Like much of old Charleston, Fenwick Hall Plantation is dripping with history. Soon, the pre-Revolutionary War home could add a new chapter to its storied past as it once again hits the market.
Asking price: $8.875 million.
Built long before America became a nation, the once-expansive agricultural property hugging the Stono River was occupied by the British during the War of Independence and later used as a field hospital by Union forces during the Civil War.
Owners came and went after John Fenwick erected the original manor house in 1730. It was twice added onto, and much of the land was eventually sold off to developers.
The moss-flung plantation, framed by magnolias and home to resident geese, fell into neglect at the beginning and end of the last century, with leaks and overgrown brush masking the grandeur of the two-story mansion at the end of a long avenue of majestic oaks.
At one point in the late 1900s, the home off River Road served as a treatment center for alcohol and drug abuse victims, though alterations to the original cypress paneling and added fire suppression features disrupted the interior character somewhat.
Now, most of the remaining 55 acres of the original plantation and the manor — with its five bedrooms, four and a half baths and 13 fireplaces — is up for sale.
Whoever buys the 7,818-square-foot house will probably have to invest another $1.5 million to restore the manor to its former glory.
The home, with its heart pine floors and cypress paneling, is in the throes of renovation.
Ripped-up carpet remnants and building materials litter many of the unfinished, empty rooms as they sit in disarray.
Unlike some of the former plantation properties around Charleston, Fenwick Hall is not open to the public. It's privately owned by hedge fund sponsor John C. Pernell, the president of Polaris Investment Partners, who bought it for $3.6 million in 2000 and operates his business from the site.
By the time Pernell purchased the property, the main house had sat empty for five years after the hospital pulled out, its roof leaked and the entire parcel was overgrown and neglected.
Only one set of the magnificent two rows of oak trees leading to the house was visible, and the entire back side of the tract behind the house was filled with brush.
"I didn't know the second row of trees was there," Pernell said. "I dug up over 1,200 trees, planted back about 400 and counted 285 oaks on the property."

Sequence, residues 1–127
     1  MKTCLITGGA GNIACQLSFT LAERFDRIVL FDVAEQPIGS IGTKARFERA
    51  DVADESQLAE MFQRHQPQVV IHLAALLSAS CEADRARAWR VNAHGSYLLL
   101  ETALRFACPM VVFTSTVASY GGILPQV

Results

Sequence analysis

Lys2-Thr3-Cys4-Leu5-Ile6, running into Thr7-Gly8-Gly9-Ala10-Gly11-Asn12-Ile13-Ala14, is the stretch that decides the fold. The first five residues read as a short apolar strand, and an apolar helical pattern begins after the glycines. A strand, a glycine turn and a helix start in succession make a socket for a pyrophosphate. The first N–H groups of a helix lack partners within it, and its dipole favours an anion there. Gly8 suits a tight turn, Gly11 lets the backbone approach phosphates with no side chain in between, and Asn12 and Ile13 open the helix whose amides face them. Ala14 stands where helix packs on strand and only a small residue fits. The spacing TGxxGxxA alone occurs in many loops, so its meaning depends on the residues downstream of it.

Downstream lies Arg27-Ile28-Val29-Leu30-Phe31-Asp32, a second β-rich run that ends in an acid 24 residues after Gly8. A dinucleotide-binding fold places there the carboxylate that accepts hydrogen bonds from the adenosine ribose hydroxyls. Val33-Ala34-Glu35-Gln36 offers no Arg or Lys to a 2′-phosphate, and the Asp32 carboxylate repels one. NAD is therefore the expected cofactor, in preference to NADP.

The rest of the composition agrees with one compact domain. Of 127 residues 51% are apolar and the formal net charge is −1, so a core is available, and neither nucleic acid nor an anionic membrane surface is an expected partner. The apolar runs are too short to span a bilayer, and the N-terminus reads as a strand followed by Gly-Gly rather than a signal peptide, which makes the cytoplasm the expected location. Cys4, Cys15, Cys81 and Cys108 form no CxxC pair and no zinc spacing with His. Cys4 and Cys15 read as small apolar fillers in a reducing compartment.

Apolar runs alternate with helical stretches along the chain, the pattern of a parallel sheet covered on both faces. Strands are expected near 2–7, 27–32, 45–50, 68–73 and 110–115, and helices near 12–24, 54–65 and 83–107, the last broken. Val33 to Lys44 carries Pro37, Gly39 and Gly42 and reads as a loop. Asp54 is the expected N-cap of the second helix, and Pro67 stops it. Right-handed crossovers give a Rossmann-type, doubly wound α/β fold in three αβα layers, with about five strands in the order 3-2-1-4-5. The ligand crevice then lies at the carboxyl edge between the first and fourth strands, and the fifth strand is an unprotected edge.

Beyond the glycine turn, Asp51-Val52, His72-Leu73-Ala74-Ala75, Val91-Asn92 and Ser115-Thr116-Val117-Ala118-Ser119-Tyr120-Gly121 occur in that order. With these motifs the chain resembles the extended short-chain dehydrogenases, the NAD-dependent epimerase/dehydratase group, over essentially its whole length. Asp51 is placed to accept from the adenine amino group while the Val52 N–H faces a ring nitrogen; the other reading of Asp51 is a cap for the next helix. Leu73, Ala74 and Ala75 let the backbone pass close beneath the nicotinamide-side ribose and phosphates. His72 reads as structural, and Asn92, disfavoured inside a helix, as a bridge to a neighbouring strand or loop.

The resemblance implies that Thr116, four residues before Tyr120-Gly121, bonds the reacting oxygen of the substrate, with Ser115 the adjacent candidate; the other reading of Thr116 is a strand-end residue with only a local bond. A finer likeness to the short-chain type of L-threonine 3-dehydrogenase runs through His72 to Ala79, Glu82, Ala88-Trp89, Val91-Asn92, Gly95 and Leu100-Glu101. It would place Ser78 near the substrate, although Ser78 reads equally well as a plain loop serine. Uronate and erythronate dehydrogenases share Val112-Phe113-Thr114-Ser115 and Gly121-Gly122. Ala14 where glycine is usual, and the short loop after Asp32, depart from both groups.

Now, with its driveway flanked by two easily visible rows of moss-dangling oaks and the surrounding grounds manicured, the site represents a slice of the past surrounded by the ever-encroaching development of the present.
"It's a spectacular property," Pernell said while walking the historic tract and pointing out a flock of visiting geese in the distance.
In addition to a restored carriage house, the site includes a rental cottage Pernell called "The Kitchen House" and several modern structures from the hospital era, now used mainly for storage.
The buildings, with kitchens and amenities, could be transformed into duplex rental cottages or used as set-up sites for outdoor functions, Pernell said.
"If someone buys this for an event planning space, everything is here," said Patty Byrne of Handsome Properties, which is handling the property's sale.
Special events, such as weddings, sometimes set up tents near the allee of oaks. Other private events could be held there as well.
Pernell is selling all but about three acres where his offices are located on the property's edge because, at 65, he wants to simplify his life.
"Eighteen years is enough. I want to go to a less-crowded space," he said of the buildup of Johns Island around the old plantation that was annexed into the city of Charleston in 1985. "It's time to pass it along to the next owner."
He's thinking of moving to some family land in North Carolina, but he also maintains a small parcel in Maine.
Interestingly, Pernell, who lives on what remains of the once-extensive plantation, has never stayed in the manor. He now resides in a restored, two-story carriage house beside the mansion.
Pernell hopes the next owner will finish what he started with the restoration effort.
"Whoever buys it needs to make everyone feel comfortable without doing any more damage to the manor," he said.
The property is listed on the National Register of Historic Places, and the Preservation Society of Charleston hopes the next owner will recognize the site's significance.
"John Pernell has been a good steward of the property," said Robert Gurley, the group's preservation director. "We are hopeful that the new owner is as passionate about Fenwick Hall as John was and will carry on the restoration work that John started."